Drought In The UK

There is no single definition of a drought. However, it can be defined as an extensive period when a region has a deficiency in its water supply, whether this is surface or underground water. Generally a drought occurs when a region has not received its average precipitation for the time of year. A drought can last for months or even years but it can be declared after as few as 15 days. A drought of any length can cause significant damage and harm to the environment, agriculture, health, economy and social factors.

Water usage over the years has increased due to an increase in the population, climate change and also because peoples lifestyles have changed. Droughts are a fairly common occurrence within the UK and here at Direct Water Tanks we want to help people conserve water. In the South East of England where there is a high population of people, water is scarcer than anywhere else within England and Wales. There is also less water available in this area, than what there is in many Mediterranean countries!

Water suppliers have their own ways of dealing with droughts but the Environment Agency have set up a scheme, so that all water companies in England and Wales have a duty to have 25 years of plans showing how they will manage their water resources in the future. In these plans, the water suppliers will show how they will collect, store and transport water to meet the demands, if there is a drought. It is important that the water suppliers are ready and prepared in case of unusual prolonged dry weather that threatens their water supplies.

Rainwater harvesting can dramatically reduce the demand and relieve pressure on water from our reservoirs. Rainwater harvesting systems collect rainwater directly from the surface that it has fallen on. This would have otherwise gone into the drainage systems or would have been lost through evaporation or transpiration, this water would have therefore been wasted. Once the water has been collected and stored in a rainwater harvesting system, it can be used for non-potable purposes.

If water is collected and stored correctly with little treatment the rainwater can not only be used in the garden but also for toilet flushing and in washing machines (if the water is clean and sediment free). This type of rainwater harvesting needs only little maintenance and treatment, this makes it relatively cheap and simple. These systems also therefore have little environmental impact. However, there are more complex rainwater harvesting systems which can be installed that need more treatment and maintenance, making them more expensive but these systems will have more options on where the water can be used. These however have a higher environmental impact. Rainwater harvesting systems could also save up to 50% of a household’s usage if the right rainwater harvesting system is used, ultimately reducing water bills too, if the person has a water meter installed.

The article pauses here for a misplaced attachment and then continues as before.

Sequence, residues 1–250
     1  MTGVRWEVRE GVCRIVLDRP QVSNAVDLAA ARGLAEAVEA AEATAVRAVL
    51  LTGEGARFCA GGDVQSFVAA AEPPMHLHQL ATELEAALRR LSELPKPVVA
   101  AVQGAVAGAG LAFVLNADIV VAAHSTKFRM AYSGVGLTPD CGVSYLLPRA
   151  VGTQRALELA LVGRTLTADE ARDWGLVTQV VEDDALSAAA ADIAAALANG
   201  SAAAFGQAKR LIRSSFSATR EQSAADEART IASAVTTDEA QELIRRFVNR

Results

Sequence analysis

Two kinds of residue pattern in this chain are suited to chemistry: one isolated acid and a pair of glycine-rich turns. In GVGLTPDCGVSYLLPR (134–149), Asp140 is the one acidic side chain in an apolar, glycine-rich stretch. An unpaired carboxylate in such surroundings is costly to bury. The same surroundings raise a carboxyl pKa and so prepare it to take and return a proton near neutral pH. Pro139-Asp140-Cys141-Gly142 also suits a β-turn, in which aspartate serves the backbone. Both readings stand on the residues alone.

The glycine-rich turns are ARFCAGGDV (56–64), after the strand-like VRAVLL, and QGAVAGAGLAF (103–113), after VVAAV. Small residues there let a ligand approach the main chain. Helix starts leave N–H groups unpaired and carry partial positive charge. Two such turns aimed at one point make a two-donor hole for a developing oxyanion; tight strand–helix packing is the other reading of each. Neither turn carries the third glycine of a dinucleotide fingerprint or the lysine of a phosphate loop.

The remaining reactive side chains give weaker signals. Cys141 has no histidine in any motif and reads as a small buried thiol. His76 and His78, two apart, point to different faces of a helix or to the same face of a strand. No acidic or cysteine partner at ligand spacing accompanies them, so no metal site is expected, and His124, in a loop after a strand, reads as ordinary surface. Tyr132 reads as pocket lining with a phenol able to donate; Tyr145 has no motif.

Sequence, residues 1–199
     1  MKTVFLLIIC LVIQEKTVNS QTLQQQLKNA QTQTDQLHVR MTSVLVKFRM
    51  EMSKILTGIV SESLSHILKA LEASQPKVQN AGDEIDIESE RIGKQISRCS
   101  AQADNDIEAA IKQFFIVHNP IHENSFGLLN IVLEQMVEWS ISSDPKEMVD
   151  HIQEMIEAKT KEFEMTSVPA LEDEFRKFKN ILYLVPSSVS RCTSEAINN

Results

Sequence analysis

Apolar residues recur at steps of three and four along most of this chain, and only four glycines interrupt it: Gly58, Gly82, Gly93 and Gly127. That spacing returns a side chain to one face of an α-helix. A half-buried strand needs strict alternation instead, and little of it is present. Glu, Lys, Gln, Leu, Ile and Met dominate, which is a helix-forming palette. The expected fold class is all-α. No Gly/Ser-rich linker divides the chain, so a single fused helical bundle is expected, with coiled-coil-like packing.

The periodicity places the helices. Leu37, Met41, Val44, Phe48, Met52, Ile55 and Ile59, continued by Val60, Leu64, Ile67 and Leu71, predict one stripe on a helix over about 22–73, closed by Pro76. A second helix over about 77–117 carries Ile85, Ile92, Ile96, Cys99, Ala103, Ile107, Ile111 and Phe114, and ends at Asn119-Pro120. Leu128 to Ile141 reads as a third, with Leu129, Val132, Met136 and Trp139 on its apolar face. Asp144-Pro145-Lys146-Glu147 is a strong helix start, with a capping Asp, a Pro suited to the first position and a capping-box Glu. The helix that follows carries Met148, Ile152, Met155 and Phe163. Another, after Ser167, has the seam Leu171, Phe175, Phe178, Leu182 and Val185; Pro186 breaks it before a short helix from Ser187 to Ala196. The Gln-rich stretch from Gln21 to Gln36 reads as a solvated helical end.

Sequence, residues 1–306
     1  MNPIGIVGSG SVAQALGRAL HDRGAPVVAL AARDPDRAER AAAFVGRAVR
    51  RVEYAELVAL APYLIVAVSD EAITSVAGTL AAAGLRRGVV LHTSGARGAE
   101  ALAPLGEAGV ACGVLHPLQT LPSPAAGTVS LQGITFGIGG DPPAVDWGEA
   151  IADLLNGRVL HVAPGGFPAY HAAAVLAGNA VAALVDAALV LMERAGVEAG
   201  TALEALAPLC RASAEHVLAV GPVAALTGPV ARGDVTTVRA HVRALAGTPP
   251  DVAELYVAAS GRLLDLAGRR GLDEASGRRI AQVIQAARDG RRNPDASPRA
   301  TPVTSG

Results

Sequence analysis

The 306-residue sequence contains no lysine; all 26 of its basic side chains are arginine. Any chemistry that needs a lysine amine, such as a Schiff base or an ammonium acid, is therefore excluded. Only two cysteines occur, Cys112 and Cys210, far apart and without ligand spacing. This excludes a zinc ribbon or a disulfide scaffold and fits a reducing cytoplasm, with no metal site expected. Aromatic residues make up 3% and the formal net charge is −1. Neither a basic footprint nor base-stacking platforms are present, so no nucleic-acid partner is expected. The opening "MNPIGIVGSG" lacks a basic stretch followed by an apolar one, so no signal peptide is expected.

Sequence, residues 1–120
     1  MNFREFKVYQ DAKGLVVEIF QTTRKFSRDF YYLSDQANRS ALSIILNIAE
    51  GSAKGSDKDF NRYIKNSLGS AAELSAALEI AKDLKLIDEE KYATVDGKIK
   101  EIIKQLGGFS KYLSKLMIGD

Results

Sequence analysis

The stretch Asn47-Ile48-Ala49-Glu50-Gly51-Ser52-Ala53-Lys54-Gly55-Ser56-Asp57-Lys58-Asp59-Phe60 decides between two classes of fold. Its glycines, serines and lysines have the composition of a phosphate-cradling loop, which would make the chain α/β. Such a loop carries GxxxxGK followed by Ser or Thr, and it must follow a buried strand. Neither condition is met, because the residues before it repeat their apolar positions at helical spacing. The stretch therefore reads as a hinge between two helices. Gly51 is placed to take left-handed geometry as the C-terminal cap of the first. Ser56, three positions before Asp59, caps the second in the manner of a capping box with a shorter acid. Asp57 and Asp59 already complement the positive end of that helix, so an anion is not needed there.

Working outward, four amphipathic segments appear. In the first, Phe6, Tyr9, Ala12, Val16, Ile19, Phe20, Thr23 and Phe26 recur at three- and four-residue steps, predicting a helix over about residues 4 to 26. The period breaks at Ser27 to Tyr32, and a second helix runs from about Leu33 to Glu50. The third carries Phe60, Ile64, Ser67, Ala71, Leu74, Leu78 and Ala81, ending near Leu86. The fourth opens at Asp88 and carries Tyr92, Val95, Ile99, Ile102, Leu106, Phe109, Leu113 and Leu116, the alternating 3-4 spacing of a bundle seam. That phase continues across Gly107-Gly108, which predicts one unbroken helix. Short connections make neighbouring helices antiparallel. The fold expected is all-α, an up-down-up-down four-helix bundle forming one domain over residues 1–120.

The benefits of rainwater harvesting are that it reduces the demand on rivers and reservoirs and it also removes the need for pumping mains water, meaning the energy use and CO2 emissions are also reduced. Other benefits are that rainwater is softer, meaning it leaves no lime scale, so washing clothes in soft water requires less detergent and therefore reduces the water pollution.

Another problem that occurs when a region is in a drought is that when rain does begin to fall the ground is that solid it just runs straight off the surface instead of soaking in, causing flooding if the rainfall is substantial enough. A way to reduce the chances of this happening is by installing a rainwater harvesting system.

Overall, if we all did our bit to save water around the home, garden and at work, it would make a huge contribution to preserving our water levels. Reducing water usage in the home is a simple and easy way to decrease energy and water bills and to also reduce the household’s impact on the environment. Why waste free water?